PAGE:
"He shall have Power, by and with the Advice and Consent of the Senate, to make Treaties..." - U.S. Constitution - Article II, Section 2

"First. That the supremacy of the national power in the general field of foreign affairs, including power over immigration, naturalization and deportation, is made clear by the Constitution was pointed out by authors of The Federalist in 1787,9 and has since been given continuous recognition by this Court." - U.S. Supreme Court, HINES v. DAVIDOWITZ

Previous thread on Fast Track

28 posted on 03/18/2002 10:03:04 PM PST by Verax
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To: Bogey78O
My main objection was the emotional appeal of the article.

I think I understand that objection, though there is something to be said for the emotional appeal which allows logic and reason a place at its table, so to say. For one example among many, consider Common Sense (Paine), the Declaration of Independence and, in a somewhat different way, Edmund Burke's Speech on Conciliation with the Colonies.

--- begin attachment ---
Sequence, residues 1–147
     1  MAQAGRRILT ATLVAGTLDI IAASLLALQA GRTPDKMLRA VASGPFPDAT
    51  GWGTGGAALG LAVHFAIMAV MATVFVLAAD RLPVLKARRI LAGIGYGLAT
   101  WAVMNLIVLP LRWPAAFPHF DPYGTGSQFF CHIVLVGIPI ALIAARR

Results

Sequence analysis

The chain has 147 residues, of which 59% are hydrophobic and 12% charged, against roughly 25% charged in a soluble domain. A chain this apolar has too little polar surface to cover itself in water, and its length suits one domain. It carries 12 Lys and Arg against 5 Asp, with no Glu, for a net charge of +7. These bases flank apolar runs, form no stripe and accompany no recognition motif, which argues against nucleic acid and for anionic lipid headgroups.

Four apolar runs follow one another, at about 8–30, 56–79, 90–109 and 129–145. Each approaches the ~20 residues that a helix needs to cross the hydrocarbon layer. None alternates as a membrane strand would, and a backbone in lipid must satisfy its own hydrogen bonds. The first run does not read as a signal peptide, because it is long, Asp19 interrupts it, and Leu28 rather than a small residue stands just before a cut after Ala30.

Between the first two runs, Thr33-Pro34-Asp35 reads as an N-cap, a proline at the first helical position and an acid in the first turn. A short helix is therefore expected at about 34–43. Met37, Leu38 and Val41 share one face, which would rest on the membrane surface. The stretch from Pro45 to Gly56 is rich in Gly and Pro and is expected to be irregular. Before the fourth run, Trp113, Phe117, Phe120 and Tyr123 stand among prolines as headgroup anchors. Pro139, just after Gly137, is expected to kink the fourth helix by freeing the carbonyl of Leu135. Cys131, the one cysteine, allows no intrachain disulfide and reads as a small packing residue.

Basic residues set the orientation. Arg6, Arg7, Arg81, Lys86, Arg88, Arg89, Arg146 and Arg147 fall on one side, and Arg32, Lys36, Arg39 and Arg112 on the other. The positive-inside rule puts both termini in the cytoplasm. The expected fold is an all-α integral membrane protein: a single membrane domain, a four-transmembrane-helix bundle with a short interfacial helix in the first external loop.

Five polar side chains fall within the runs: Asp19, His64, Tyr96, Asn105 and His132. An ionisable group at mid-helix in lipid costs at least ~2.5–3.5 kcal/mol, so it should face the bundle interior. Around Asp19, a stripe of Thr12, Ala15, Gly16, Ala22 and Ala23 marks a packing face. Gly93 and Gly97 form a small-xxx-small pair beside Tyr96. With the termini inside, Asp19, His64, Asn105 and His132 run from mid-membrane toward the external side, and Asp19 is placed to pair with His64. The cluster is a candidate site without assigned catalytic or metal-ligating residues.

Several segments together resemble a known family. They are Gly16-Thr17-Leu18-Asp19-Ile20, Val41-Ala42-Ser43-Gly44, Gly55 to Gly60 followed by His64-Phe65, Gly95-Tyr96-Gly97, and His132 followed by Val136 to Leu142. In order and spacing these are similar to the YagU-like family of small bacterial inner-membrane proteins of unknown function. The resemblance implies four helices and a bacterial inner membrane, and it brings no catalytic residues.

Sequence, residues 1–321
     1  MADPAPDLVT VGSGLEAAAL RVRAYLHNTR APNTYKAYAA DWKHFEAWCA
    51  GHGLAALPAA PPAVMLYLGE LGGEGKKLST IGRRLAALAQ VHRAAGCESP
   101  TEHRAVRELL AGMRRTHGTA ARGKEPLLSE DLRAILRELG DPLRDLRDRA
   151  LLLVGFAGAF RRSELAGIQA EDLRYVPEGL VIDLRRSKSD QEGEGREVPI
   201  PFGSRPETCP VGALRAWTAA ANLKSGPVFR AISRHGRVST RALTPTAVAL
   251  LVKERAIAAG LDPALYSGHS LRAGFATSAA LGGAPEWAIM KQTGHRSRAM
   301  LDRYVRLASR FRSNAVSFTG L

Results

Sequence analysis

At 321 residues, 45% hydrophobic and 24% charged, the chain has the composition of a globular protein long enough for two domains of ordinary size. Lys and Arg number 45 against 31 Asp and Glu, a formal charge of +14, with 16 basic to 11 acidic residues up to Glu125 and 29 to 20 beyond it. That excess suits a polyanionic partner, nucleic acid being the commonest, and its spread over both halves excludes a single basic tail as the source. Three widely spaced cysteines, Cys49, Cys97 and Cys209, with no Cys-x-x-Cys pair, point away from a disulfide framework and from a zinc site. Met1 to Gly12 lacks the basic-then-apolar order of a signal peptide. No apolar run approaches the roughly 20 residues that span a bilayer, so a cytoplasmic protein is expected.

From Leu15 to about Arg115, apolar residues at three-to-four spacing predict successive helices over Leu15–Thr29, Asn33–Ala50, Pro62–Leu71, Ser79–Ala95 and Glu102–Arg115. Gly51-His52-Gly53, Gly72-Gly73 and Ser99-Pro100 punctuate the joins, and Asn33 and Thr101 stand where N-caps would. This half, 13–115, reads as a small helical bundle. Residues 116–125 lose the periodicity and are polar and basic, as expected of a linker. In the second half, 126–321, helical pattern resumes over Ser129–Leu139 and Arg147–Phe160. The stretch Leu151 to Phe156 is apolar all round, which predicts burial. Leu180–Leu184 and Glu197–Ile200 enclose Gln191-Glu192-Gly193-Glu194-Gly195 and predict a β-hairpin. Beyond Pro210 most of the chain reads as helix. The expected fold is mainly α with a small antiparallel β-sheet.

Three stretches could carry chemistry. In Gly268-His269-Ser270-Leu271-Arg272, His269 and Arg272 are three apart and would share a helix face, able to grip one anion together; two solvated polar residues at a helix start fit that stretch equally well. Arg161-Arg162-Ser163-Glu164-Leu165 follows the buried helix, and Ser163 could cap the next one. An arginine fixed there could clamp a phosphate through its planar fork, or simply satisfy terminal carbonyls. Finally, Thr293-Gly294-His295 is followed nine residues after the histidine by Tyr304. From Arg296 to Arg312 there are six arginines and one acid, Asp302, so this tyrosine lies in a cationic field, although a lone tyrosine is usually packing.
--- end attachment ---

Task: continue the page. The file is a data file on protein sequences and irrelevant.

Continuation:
29 posted on 03/18/2002 10:05:13 PM PST by BluesDuke
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To: hellonewman
Most Republicans are against the steel tariffs in general, but if it is in reaction to unfair trade practices and targeted there is nothing wrong with it. Congress gave the Prez such authority many years ago.
30 posted on 03/18/2002 10:10:38 PM PST by GeronL
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To: Bogey78O
When sales taxes are raised, who complains? Are not sales taxes legally the responsibility of the seller? What's the difference between a sales tax and a tariff, and why does any difference justify the claim that raising tariffs is not morally equivalent to raising sales (excise) taxes?
31 posted on 03/18/2002 10:12:09 PM PST by sourcery
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To: hellonewman
Although I agree with almost all the principles Mr. Newman writes about in this article, I am disappointed that he didn't do a little more homework on his central thesis -- that the President is acting like a dictator without legal authority -- and chose instead to spin off a rant that is only loosely rooted in fact.